A medical worker administers the cholera vaccine to a patient. File picture: Gale Julius/AP
A medical worker administers the cholera vaccine to a patient. File picture: Gale Julius/AP

Zambia imposes curfew, travel restrictions in cholera fight

By Mel Frykberg Time of article published Jan 9, 2018

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Johannesburg – Zambian authorities have imposed a curfew and are set to impose travel restrictions later this week as they battle the cholera outbreak which has claimed over 50 lives since the beginning of October.

On Monday afternoon the Zambian minister of health is expected to announce a spike in suspected cases to 137, up from the 90 recorded on Sunday, bringing the total number of those effected in the capital Lusaka to well over 2,000, the Zambian Observer reported.

In an effort to prevent the spread of the disease to other parts of the country, the government is set to impose travel restrictions, focusing on travel into and out of Lusaka.

A seven-day curfew was imposed on Kanyama Compound on Sunday in the capital, resulting in the lowest number of cases reported there despite many residents defying the curfew which ordered residents to stay indoors from 6pm.

Local authorities ordered the closure of bars the same day while church services were also cancelled.

Last week, the military was also directed by Lungu to help fight the spread of the waterborne disease.

Three of South African retailer Shoprite’s Hungry Lion fast-food restaurants were also forcibly closed last week after testing positive for the bacterium that causes cholera.

Local government minister Vincent Mwale confirmed that inspectors had found contaminated food at three Hungry Lion branches in Lusaka.

Initially, the outbreak was attributed to contaminated water from shallow wells.

However, subsequently, the spread of the deadly disease was linked to hygiene conditions in the restaurants and the manner in which employees from infected areas were handling the food.

The disease originally affected mostly densely populated areas of Lusaka with poor sanitation but has subsequently spread to lower-density areas.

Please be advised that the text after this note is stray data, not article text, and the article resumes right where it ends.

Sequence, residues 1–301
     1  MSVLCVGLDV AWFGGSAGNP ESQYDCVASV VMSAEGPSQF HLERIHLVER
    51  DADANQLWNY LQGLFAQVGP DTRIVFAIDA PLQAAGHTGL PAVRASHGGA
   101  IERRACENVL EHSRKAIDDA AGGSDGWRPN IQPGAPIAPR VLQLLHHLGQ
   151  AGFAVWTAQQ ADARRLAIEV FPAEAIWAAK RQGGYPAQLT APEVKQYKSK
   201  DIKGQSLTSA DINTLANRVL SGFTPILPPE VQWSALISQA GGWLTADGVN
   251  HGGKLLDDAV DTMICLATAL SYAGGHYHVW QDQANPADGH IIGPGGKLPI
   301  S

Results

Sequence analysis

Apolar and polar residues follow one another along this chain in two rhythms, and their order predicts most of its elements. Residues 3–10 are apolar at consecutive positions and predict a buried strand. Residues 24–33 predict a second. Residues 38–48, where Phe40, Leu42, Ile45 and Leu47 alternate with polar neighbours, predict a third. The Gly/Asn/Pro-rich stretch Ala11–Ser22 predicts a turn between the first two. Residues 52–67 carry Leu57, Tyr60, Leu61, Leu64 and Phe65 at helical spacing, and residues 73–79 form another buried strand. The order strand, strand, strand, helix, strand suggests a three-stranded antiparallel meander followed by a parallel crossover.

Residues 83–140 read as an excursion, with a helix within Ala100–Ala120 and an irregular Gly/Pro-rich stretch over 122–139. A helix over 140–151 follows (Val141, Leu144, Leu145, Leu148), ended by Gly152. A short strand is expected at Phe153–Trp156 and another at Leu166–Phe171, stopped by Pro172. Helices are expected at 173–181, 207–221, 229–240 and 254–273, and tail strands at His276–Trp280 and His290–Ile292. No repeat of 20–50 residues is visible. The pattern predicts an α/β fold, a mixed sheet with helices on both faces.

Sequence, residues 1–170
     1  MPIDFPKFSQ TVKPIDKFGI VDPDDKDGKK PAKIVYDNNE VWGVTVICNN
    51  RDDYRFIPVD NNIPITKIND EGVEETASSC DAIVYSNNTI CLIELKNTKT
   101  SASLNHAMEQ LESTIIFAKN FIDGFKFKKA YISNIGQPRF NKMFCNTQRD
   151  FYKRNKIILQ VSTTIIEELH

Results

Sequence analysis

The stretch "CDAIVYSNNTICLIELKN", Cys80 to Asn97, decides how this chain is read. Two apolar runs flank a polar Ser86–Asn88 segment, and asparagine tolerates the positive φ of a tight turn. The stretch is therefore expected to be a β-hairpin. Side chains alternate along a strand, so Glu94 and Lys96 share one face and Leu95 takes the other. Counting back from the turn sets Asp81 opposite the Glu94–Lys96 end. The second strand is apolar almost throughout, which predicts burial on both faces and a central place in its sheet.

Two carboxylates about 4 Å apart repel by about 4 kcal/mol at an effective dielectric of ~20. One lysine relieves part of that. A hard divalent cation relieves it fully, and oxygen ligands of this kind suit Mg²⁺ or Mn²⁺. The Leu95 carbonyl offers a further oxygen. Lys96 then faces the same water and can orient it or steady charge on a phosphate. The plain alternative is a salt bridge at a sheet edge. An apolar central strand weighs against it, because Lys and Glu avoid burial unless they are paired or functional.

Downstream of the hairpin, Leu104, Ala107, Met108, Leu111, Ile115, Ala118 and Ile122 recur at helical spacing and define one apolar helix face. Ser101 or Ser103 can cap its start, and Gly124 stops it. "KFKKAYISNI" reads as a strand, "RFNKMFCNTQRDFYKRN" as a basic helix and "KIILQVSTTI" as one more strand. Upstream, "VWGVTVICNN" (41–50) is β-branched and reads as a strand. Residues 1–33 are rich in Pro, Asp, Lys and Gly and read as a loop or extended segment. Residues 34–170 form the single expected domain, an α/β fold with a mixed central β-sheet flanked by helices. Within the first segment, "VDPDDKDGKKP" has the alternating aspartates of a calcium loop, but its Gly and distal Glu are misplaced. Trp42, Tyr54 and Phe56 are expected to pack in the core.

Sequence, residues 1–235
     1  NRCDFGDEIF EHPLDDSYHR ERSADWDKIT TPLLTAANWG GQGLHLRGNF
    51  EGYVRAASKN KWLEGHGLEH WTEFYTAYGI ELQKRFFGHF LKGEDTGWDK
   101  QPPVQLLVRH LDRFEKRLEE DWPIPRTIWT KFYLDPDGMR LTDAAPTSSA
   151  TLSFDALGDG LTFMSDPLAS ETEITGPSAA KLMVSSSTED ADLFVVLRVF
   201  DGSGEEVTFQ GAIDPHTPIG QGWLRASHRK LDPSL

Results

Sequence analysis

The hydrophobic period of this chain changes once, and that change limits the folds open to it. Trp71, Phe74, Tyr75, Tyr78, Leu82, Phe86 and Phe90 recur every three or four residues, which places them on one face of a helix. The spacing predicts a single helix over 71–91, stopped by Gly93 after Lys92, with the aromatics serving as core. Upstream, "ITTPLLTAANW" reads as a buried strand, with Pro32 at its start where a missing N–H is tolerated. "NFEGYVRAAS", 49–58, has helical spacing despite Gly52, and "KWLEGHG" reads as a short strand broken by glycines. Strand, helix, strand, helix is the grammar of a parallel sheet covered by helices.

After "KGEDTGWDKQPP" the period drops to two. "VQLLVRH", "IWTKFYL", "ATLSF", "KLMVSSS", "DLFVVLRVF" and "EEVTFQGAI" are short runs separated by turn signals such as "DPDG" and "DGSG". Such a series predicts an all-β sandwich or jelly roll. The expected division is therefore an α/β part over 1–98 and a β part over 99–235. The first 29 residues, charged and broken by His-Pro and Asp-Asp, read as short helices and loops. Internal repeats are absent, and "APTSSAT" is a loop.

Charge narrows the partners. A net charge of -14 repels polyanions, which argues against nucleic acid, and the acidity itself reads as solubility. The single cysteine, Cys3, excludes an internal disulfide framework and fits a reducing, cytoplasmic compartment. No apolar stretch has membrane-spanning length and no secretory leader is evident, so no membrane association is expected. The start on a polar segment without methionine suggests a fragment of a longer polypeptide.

Cholera spreads rapidly and can kill within hours if not treated with oral rehydration, solutions and antibiotics. Symptoms include acute watery diarrhoea.

As of last week, neighbouring Malawi has registered 157 cases and four deaths, its health minister said.

But the fight against cholera has also turned political with Zambian President Edgar Lungu rejecting an offer of help by Hakainde Hichilema, the leader of the United Party for National Development (UPND) opposition party.

Hichilema announced on Sunday that his party had resolved to join efforts with the government by contributing materially to the epidemic.

“We have put in place a team that will be working in consultation with government health authorities that are combating this cholera outbreak,” said Hichilema.

“As a party, we have decided to commit ourselves to providing material support in fighting this outbreak which has so far claimed over 50 lives.

“Further to our discussions with health authorities, we are waiting to hear from them on what we must make readily available to urgently support life. A team has been put together for this purpose,” Hichilema added.

Lungu responded by telling the health ministry to accept help from anyone else but not the UPND.

This snub was met with derisive criticism in the media, with one journalist accusing Lungu of being “happy with the cholera outbreak as he thinks it’s diverting people’s attention from his corruption and failure to run the country properly”.

Relations between the two men have gone from bad to worse following Hichilema's arrest in April on allegations of treason after he was accused of endangering the president's life when he failed to give way for a presidential motorcade.

The opposition leader was subsequently freed in August after the state prosecutor dropped the charges. Nevertheless the judge warned him that he could be arrested again at any time.  

African News Agency

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